Local cyclist Max McCulloch catches air off a jump in the newly redesigned Organ Donor trail at Mount Work mountain biking park. The Capital Regional District approved its regional parks mountain biking guidelines and a list of short-term actions at the CRD board’s May 12 meeting. (Black Press Media File Photo)

Local cyclist Max McCulloch catches air off a jump in the newly redesigned Organ Donor trail at Mount Work mountain biking park. The Capital Regional District approved its regional parks mountain biking guidelines and a list of short-term actions at the CRD board’s May 12 meeting. (Black Press Media File Photo)

CRD approves mountain biking guidelines that drove spoke between advocates, environmentalists

Guidelines aim to find new biking opportunites in region, while protecting park ecology

After debate that divided environmentalists and biking advocates, the Capital Regional District approved its regional parks mountain biking guidelines and a list of short-term actions at its May 12 meeting.

The guidelines will consider new biking opportunities in CRD parks if they’re compatible with each park’s specific plan. Mountain biking trails won’t be sited near sensitive habitats or where they’d conflict with wildlife – and won’t be supported in all parks.

Mountain biking will also be considered during parks strategic planning this fall.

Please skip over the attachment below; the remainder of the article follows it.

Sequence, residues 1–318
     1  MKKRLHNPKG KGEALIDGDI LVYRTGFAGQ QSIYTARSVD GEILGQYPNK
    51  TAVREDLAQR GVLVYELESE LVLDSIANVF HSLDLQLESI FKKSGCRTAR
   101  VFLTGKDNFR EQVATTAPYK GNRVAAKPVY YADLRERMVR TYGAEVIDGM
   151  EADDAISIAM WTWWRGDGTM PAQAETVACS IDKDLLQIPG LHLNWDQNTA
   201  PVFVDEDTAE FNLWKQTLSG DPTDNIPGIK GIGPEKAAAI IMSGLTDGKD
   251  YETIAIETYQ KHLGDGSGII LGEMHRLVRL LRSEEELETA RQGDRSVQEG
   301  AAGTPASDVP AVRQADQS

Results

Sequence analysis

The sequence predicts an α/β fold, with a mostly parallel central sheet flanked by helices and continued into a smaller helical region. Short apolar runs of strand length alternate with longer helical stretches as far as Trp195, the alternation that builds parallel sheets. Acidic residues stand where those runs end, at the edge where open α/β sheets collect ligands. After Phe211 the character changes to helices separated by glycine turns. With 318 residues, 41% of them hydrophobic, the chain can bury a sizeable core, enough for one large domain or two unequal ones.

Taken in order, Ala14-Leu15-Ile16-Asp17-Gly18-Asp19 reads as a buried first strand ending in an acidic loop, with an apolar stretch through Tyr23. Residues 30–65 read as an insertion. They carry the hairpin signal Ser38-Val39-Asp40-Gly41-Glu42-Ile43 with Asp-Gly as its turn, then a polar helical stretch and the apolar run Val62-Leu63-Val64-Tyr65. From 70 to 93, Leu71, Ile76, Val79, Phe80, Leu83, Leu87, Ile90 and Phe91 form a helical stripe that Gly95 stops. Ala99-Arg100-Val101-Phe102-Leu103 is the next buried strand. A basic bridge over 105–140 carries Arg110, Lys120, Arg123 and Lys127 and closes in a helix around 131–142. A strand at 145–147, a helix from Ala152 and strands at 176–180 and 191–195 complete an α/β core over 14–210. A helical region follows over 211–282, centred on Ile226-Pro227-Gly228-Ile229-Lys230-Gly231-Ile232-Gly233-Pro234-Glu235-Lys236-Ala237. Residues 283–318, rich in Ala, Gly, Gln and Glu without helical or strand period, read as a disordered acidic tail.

The guidelines say mountain biking decisions will honour First Nation relationships with the land and water and protect important cultural values.

Larisa Hutcheson, the CRD’s general manager of parks and environmental services, said there’s currently a lack of mountain biking opportunities based on the increasingly popular activity’s demand. She said the CRD is improving Mount Work biking trails and will review developing areas in Thetis Lake Regional Park for the sport.

READ: CRD parks mountain biking guidelines a hot topic in Greater Victoria

Many directors supported looking into acquiring land that’s less ecologically valuable, compared to biodiverse parks, for mountain biking.

“The guidelines that have been presented do what they were intended to do, which was to figure out within our parks system – which exists primarily for the purpose of protecting ecological values – how can we incorporate this,” said vice-chair Rebecca Mersereau.

Sooke Mayor Maja Tait said bikers are seeing an unmaintained trail system collapse and have been waiting for over a decade for more action.

Several directors noted that the opposing groups share the goal of being stewards of the environment.

“There have been points of view expressed that have been quite similar, but just see different uses happening in the parks,” said Victoria Mayor Lisa Helps.

Many directors believe that a balance can be struck between protecting the environment and giving bikers a place to ride in nature.

Victorai Coun. Ben Isitt said protection and restoration of the ecology should always be the guiding principle when it comes to park lands. He added there should be designated, maintained trails and any cycling outside of the trail network should be strictly enforced.

“Mountain biking has to be supported and I see this as really the starting point,” said Oak Bay Mayor Kevin Murdoch. “Mountain bikers are allies in natural protection and will be if we give them that chance.”

Highlands Mayor Ken Williams said bikers have damaged areas near important drinking water reservoirs in his community. “Our experience hasn’t been good,” he said.

A communication campaign explaining the biking guidelines will roll out in June.

READ: CRD board approves plan aimed at cutting waste by a third by 2030


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